Posts Tagged ‘language’

Wo shi Phil

Saturday, June 27th, 2009

So…. I’m starting to take Mandarin classes here in Singapore. And boy do I have to tell you, it is friggin hard. Thank goodness for me I already speak Vietnamese. Both Mandarin and Vietnamese are tonal languages. Meaning the word “Bu” even though it only has two letters and one syllable, has 4 different ways to pronounce it.

There are a few reasons why Mandarin is so difficult. First of all, I don’t practice nearly enough. Since English is so prevalently spoken here, it’s a crutch that I rely heavily on. Bad Phil. Very bad Phil.

Secondly, most of the people I take my class with are from all different countries. It’s difficult to learn the language when the teacher says the word correctly once. Then everyone around you butchers it for the next two minutes. 😉

Finally, once a week is just not enough to learn in a classroom setting. I prefer a regimented setting where we meet two or three times a week. That would help me a lot more.

I’m going to try my best though. Learning a language is always helpful. Especially when so many people around you speak it as well.

Reverse Japanese?

Wednesday, February 25th, 2009

I usually take a taxi to work in the morning. And at a certain intersection I used to tell the driver to turn right then go straight and turn at the second light.

This always seemed to confuse the drivers. And I think I’ve figured out why.

1. It’s too many directions all at once.
2. Because of my accent many people think I’m either Japanese of Filipino. And instead of hearing me say turn at the second “light”. They hear, turn at the second “right”.

Silly. I know, because Japanese people pronounce “Ls as Rs” and not the opposite “Rs as Ls”.

So now I tell the drivers one turn at a time and tell them to “take the second left” instead of “left at the second light”

Word of the day.

Sunday, June 22nd, 2008

Going with the current theme of the day. Today’s word of the day is a double, “uncles and aunties”

As with most asian cultures, the term “uncle or auntie” is a term of respect and or reverence. And in some situations, it’s a title that is expected. 

Our office has a few cleaning ladies or “aunties” They make sure that our work environment is neat and orderly. Their services are *GREATLY* appreciated. And as such, they deserve the respect that the title “auntie” bestows upon them.

When I run into a family in an elevator or on the MRT train and I joke with to the little children, the parents sometimes tell their children to say hi to “uncle” I appreciate this extra respect that they’ve imbued upon me. Though it is totally undeserved, it is a bit of an ice breaker and makes for easier conversations.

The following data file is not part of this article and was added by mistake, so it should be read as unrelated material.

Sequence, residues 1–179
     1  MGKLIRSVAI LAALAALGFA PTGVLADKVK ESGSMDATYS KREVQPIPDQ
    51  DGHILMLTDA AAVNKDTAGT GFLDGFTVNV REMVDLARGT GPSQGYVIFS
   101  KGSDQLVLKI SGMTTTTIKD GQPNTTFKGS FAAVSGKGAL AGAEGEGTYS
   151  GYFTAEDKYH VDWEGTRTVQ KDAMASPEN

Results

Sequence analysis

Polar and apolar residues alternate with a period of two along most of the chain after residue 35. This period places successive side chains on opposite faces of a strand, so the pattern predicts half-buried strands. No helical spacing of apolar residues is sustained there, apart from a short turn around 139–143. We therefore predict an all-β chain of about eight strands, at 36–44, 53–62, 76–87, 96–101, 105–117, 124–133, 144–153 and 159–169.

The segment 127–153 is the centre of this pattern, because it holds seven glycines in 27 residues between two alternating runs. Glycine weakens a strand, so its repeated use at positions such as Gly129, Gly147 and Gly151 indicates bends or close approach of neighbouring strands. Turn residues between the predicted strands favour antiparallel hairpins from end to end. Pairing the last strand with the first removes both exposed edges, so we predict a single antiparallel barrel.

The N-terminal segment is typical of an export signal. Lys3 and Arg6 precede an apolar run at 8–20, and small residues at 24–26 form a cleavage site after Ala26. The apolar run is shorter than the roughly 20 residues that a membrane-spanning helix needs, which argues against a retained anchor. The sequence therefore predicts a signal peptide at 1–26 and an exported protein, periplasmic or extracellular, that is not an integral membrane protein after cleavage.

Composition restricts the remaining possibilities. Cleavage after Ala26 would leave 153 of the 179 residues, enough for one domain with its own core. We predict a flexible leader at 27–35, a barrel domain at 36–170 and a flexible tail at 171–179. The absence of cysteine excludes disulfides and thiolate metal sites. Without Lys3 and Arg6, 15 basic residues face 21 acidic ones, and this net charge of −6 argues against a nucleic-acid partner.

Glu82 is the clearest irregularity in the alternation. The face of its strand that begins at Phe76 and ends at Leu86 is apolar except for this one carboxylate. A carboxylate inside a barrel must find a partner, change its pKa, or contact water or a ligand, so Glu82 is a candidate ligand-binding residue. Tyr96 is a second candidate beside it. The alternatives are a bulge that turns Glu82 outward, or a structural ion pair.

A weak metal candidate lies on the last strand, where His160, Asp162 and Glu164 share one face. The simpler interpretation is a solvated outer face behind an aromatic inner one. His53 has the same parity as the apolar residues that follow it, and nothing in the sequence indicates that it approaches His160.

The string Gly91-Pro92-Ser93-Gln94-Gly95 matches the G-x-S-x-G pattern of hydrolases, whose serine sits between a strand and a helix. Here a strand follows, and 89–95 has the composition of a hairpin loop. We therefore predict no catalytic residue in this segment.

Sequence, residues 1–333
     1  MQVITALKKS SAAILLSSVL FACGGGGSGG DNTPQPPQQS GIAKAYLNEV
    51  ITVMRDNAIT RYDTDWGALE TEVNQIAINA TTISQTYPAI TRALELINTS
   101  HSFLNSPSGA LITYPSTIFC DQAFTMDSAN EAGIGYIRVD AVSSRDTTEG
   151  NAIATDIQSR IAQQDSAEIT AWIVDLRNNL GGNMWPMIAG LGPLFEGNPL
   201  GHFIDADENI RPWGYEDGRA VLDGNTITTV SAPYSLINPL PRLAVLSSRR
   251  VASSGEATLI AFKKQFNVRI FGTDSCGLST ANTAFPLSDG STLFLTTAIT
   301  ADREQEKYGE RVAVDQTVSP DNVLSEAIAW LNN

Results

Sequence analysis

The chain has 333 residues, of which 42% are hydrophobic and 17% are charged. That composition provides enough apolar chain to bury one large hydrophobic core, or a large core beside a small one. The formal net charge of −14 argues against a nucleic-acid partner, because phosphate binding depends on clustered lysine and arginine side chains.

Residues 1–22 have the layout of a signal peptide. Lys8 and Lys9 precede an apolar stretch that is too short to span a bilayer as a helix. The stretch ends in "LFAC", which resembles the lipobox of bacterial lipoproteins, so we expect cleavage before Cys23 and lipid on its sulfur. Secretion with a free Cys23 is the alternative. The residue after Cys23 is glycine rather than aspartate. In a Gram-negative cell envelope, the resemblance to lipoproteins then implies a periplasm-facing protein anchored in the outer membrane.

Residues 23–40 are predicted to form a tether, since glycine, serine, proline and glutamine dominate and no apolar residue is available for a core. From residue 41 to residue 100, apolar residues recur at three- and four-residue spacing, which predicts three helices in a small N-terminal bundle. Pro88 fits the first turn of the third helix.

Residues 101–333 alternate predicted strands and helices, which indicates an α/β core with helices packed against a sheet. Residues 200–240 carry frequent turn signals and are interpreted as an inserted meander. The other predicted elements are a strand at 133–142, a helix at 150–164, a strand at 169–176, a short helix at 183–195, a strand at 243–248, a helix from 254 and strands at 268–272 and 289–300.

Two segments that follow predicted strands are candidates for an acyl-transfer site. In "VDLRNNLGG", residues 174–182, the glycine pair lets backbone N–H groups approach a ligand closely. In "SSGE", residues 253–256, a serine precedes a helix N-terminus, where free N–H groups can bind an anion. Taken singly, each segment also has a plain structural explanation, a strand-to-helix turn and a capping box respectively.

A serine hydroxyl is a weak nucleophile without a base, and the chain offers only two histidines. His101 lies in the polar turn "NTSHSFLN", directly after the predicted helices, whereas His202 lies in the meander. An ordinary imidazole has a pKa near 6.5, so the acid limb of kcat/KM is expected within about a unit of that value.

Now, taxi drivers are in a third category. They totally expect you to call them “uncle” sometimes it’s very deserved, other times you have to do it to get dropped off where you’d like. A taxi driver that is friendly and cordial to you that takes you from point A to point B deserves your respect. A driver that says he won’t take you to a place, because it’s out of his way and needs some extra coaxing (calling him uncle and trying to convince him to do his job) gets called “uncle” but doesn’t deserve this title.

I’ll explain the plight of taxi drivers in another post. <grin>

Word of the day.

Thursday, June 19th, 2008

Today’s word is “queue”.

If there is something that defines Singapore, it’s queues. No one here waits in lines. They wait in “queues”.

Lines are what you draw on paper. “Queues” are a line of people or cars waiting for something. And in Singapore, there is lots to wait for.

They stand in queues for taxis.
They stand in queues for the ATM.
They stand in queues for restaurants.
They stand in queues for the elevators.
They stand in queues for movies.
They stand in queues for buses.

You get the point, there are a lot of queues here. If you ask an auntie or uncle where the line for something is, they’ll look at you with a blank stare. Be sure to ask where the queue is instead.

Word of the day.

Monday, June 9th, 2008

I’ve decided to post little tidbits of the local lexicon for people to digest.

Colleagues = Co-worker.

No one in asia seems to use the word co-worker. Or at least very few do. The people with an education in the US or the UK use co-worker it seems, but even Australians use colleague. I personally feel that the word colleague would refer to someone in the same field of study or employ as myself, but not necessarily employed by the same company. Or, that person might be a fellow academic or researcher, but not be financially employed by a corporation or institution.

usage:
My colleagues and I will be going on a recruiting trip to Hong Kong.

I speak english.. I think…

Tuesday, May 27th, 2008

I was at a bar the other day and had to question my sanity a bit. I ordered a lemonade. What I got was a 7up. Initially I questioned myself. I thought perhaps they made lemonade with sparkling water in Singapore. Nope.. It was a 7up.

I then looked around for the server to correct the mistake. But my companions, then told me what I had received was indeed a lemonade. At which point, I immediately tried to argue that it was in fact, a 7up and not a lemonade. A lemonade is lemon juice, water and sugar. They told me that would be a “lemon drink”, not a lemonade. Then I asked them what a 7up is. And they said, a 7up is Lemonade. What really compounded the situation was the fact that they were from all over the world. There was an Austrian guy, a Australian guy, a Korean girl and two Taiwanese girls. How the heck could they all be in agreement and I was in the minority? Something was amiss.

So.. I checked with wikipedia. The all knowing source of knowledge that it is. Here’s the result..

Wikipedia – Lemonade

Silly American.. Lemonade is not lemon juice, water and sugar. It’s 7up or Sprite.

lemonade = 7up
7up = 7up
lemon drink = lemonade